Slugfest, a docuseries focused on the comic book industry rivalry between Marvel and DC, might just draw the ever-potent genre fandom demographic to the 2020-launching streaming platform, Quibi, the billion-dollar-backed, millennial-aimed streaming service designed for short-form stories.
A greenlight has been given to Slugfest by Quibi, adapting the 2017 book by Reed Tucker, Slugfest: Inside the Epic, 50-year Battle Between Marvel and DC. While the prospect of getting a docuseries that gives proper reverence to the comic book industry is exciting to any discerning fan, said excitement should be compounded with the series presence of Avengers: Infinity War and Avengers: Endgame directors Joe and Anthony Russo, who will be involved as executive producers.
Serving as directors for Slugfest are the duo of Don Argott and Sheena M. Joyce, who helmed this past June’s fact-based feature film, Framing John DeLorean and Imagine Dragons activism documentary Believer. Pertinently, they also directed the 2017 Hulu comic book industry documentary, Batman & Bill, which focused on the historical lack of acknowledgement for the late Batman co-creator, Bill Finger, who now gets the credit that he properly deserved. They are joined here by producers in AGBO CEO Todd Makurath, Peter Rieveschl (The Amazing Race), Nick Gilhool (Top Chef) and Jen Casey (Extreme Weather).
As a statement from Quibi explains:
“Slugfest will bring to light little-known stories from the history of this uniquely American art form. The men and women who were behind the creation of some of the best-known and most revered characters in the world will share their stories and reflect on the symbiotic relationship between DC and Marvel, whose rivalry pushed the medium to its greatest heights. The series features the stories of the remarkable behind-the-scenes endeavors and achievements that defined these industry titans, from the secret crossover inspired by the Halloween parades of small-town Rutland, Vermont, to the history behind the bone-crushing handshake between Superman and Spider-Man, in the first official crossover. Each story is a gold nugget for fans of both DC and Marvel — helping fans dive deeper into the behind-the-scenes history of their favorite brands.”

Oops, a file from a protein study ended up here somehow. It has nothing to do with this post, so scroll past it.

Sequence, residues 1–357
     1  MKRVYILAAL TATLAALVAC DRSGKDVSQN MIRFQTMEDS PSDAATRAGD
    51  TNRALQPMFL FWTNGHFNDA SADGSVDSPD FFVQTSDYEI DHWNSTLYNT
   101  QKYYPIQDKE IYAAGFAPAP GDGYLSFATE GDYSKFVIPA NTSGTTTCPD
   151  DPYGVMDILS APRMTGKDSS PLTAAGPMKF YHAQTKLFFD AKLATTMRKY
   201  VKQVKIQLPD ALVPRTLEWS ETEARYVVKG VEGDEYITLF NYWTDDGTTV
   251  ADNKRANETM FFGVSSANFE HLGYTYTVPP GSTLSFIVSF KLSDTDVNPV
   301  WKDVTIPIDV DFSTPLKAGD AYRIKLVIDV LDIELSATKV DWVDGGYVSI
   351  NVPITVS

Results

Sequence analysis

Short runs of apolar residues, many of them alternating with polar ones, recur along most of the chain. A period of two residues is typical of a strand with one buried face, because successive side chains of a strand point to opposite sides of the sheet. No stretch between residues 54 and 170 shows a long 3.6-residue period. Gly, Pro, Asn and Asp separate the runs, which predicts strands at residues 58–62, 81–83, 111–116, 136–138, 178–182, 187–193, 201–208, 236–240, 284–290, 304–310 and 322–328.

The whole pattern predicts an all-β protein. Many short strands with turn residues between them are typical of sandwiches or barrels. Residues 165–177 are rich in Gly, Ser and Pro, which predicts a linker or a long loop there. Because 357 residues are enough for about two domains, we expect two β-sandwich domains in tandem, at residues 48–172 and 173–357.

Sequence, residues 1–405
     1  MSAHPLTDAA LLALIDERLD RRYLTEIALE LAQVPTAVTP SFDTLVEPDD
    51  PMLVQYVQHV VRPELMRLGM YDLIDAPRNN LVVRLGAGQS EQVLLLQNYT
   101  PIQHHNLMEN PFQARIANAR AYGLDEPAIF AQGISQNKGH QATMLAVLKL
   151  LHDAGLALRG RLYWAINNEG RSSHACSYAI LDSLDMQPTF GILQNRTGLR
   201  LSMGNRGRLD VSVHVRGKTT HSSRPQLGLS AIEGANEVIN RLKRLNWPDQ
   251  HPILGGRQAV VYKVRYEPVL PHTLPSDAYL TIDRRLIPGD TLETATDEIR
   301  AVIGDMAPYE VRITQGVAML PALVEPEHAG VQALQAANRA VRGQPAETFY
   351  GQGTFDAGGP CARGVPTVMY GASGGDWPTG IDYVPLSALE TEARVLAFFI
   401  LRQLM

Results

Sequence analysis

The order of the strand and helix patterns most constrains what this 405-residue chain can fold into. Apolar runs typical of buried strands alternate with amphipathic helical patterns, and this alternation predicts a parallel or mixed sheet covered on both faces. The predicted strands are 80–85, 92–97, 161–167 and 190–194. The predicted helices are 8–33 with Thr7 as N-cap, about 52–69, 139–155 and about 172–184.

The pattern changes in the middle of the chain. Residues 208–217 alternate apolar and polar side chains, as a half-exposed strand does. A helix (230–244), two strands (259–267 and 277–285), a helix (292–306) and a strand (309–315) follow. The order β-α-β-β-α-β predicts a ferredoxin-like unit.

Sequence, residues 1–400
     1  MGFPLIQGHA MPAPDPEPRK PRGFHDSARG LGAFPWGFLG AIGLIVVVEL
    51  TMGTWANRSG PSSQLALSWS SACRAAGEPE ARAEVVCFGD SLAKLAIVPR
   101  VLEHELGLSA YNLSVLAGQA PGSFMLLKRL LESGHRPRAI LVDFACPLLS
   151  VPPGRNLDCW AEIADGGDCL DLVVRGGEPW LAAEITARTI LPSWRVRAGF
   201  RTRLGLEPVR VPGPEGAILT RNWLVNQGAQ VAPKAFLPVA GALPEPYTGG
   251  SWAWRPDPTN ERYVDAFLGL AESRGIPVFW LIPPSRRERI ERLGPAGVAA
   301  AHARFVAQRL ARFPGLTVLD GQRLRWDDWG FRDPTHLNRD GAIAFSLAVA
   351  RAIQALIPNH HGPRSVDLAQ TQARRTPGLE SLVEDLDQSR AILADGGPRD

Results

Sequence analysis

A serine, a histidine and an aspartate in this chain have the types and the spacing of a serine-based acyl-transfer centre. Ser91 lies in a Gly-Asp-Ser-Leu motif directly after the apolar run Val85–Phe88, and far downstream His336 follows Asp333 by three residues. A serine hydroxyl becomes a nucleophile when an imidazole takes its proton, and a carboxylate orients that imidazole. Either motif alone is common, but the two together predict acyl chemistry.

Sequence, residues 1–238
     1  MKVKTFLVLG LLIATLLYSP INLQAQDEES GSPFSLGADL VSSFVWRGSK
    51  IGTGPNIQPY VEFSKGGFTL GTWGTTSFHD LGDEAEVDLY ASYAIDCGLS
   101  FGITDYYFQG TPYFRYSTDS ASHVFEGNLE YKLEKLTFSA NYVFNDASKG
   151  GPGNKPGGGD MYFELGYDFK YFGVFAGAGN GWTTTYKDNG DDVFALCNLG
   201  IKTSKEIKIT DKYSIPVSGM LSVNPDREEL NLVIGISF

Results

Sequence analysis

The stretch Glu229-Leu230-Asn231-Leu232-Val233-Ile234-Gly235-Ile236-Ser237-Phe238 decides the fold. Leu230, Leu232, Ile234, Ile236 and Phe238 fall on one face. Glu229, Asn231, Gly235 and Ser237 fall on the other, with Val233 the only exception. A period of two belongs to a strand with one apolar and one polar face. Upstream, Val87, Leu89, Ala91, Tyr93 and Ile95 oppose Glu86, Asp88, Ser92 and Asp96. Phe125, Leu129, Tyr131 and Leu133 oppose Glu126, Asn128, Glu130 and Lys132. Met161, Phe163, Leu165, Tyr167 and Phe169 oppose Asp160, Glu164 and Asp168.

The Slugfest docuseries, just as the book it adapts, will start with the storied era of the 1960s, in which Marvel reemerged as a phoenix from the ashes of Timely Comics to become a pop culture juggernaut with renegade storytellers Stan Lee, Jack Kirby and Steve Ditko introducing more realistically motivated characters such as the Fantastic Four, Spider-Man, the Incredible Hulk and the X-Men, forcing the old guard of Superman/Batman/Wonder Woman home DC Comics to reinvent itself from its sanguine 1950s complacency towards more meaningful stories for its superhero icons in the ensuing decades.
While the rivalry has had quite the evolution, notably with the groundbreaking 1976 DC/Marvel jointly-published crossover, Superman vs. The Amazing Spider-Man: The Battle of the Century (pictured in the title image), it eventually shifted to the big and small screens in the aftermath of the current comic book movie craze. Yet, a context-setting focus on the early war between publishers should make for delightful television.
Slugfest is one of several projects on Quibi’s content docket, with one such project, a horror anthology series developed by Sam Raimi, titled 50 States of Fright, having been recently announced. There’s no release date set for the docuseries, but its platform, Quibi, is set to launch on April 6, 2020.